Wild River: A rainy morning on the Mississippi

I had a brilliant boat trip on the Mississippi this morning from Bohemian Flats to the Ford Bridge and back. It was raining, and everything was damp except for enthusiasm for the spectacular river scenery. I was in the company of people comprising the Citizens Advisory Council (CAC), which is creating the Park Board’s Master Plan for the Mississippi River Gorge.

The CAC meets next on Monday, 5:30 p.m., at the MPRB Headquarters beside the river in north Minneapolis, if you’re interested. I’m giving a very brief intro to the history of the river gorge to open that meeting.

Long ago H.W.S. Cleveland called the river gorge the “Jewel of Minneapolis.” I agree. and I applaud St. Paul and Minneapolis for working together to preserve and protect the wild banks of the river. We were delighted to be joined this morning by two representatives of the St. Paul Parks and Recreation Department as well. As much as the two cities have  competed with each other, sometimes not nicely, their complementary actions to maintain the river banks as protected public property is praiseworthy. Both cities would be different without the effort to protect the river banks.

Former park commissioner Scott Vreeland emphasized on the river ride this morning that the real challenge for the master planners is choosing a wise path between preserving what’s wild and making this great treasure accessible. That is especially true as we contemplate the possibilities of a river without barge traffic and, therefore, without the need for a working lock and dam. Would the restoration of the river gorge to rapids and islands, to its condition before the Ford Dam was built in 1917, enhance the river’s value to the people of Minnesota? Important issues.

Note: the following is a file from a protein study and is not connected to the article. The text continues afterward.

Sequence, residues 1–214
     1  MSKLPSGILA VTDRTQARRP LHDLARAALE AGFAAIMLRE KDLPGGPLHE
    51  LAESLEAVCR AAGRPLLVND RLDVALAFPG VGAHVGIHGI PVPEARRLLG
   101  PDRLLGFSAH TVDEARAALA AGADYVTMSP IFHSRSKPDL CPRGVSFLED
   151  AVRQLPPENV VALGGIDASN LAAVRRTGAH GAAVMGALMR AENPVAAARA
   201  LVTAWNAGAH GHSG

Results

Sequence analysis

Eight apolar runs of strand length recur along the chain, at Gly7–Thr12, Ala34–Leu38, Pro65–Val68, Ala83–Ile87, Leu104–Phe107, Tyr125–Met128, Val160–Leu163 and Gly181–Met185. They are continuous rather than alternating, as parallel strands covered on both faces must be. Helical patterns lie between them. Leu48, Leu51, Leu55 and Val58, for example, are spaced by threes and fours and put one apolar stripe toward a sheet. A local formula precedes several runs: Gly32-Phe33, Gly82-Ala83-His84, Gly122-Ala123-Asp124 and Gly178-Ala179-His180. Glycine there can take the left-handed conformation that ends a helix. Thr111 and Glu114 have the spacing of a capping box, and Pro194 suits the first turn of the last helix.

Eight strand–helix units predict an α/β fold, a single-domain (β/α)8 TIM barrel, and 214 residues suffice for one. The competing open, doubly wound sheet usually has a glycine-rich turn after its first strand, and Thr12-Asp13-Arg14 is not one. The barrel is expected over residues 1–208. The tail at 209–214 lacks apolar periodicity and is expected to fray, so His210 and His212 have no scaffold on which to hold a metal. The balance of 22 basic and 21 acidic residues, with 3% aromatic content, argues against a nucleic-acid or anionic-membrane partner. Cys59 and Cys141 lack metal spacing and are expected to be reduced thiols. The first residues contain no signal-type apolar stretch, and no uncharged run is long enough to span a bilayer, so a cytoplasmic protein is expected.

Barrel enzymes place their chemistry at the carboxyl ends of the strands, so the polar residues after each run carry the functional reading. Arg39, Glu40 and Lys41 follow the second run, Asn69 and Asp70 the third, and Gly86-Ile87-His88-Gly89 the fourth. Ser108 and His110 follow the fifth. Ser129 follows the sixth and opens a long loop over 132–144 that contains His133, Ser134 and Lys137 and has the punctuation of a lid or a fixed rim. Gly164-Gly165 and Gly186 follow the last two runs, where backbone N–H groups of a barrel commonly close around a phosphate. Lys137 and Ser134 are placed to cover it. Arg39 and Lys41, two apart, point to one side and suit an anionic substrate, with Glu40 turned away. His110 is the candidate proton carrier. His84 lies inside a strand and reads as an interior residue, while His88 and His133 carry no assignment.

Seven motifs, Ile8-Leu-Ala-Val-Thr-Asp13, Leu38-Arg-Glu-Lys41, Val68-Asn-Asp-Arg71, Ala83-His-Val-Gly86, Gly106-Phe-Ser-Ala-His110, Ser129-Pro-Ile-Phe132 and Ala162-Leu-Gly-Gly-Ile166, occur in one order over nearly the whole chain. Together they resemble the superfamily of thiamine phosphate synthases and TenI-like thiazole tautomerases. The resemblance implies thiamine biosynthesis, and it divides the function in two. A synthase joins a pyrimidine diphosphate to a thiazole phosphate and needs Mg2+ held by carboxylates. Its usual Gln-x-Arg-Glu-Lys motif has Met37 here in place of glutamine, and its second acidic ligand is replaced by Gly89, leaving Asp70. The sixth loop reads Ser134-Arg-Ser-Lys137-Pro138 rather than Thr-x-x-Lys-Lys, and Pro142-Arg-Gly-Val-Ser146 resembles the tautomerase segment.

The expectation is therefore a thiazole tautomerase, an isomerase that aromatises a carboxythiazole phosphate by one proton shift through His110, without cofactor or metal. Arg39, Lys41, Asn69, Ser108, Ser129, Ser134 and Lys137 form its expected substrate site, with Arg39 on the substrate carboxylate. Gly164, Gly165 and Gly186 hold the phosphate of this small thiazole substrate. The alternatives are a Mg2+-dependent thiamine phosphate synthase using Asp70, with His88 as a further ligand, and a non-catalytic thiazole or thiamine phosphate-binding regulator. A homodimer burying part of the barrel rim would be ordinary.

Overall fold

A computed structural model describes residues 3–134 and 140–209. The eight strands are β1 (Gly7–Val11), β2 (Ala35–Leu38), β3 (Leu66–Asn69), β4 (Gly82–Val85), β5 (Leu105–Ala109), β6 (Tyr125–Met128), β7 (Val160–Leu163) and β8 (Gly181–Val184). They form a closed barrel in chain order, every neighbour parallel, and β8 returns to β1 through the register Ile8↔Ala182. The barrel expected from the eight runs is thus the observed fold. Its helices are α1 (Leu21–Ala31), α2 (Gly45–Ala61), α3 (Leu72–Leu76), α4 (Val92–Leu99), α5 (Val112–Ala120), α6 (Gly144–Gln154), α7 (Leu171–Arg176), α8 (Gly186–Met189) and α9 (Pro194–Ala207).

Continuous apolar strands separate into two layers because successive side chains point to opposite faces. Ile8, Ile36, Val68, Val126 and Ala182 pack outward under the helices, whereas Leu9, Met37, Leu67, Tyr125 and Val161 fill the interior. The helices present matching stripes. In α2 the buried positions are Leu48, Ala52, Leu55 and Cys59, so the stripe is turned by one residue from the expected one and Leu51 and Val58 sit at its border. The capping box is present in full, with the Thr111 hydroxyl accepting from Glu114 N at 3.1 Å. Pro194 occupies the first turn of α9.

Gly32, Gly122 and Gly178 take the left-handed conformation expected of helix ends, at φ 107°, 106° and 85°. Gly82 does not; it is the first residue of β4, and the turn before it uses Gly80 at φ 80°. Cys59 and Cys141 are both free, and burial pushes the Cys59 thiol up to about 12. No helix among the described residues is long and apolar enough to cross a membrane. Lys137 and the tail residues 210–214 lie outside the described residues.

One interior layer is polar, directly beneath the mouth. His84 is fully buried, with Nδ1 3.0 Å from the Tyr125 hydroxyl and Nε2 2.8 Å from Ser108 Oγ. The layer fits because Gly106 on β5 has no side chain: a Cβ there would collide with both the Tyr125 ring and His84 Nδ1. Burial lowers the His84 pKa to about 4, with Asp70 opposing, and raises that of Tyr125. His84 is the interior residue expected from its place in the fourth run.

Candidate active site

I was struck again this morning by the great interest so many people in the area have in the history of our parks and the river—and how so many people know different parts of the story, or have different perceptions of those parts. Reminds me that history is never a single story, not one thread, but many.

Two More Things

A friend is desperately trying to find a photo of Thomas Lowry and his family, especially his eldest daughter, to illustrate a book he is writing that is very near being turned over to the printer. I don’t know of any. If you do, please let me know. Soon.

I have reposted an old favorite on Seven Oaks Oval to keep a promise made this morning. It’s the most unusual park in Minneapolis.

David C. Smith 

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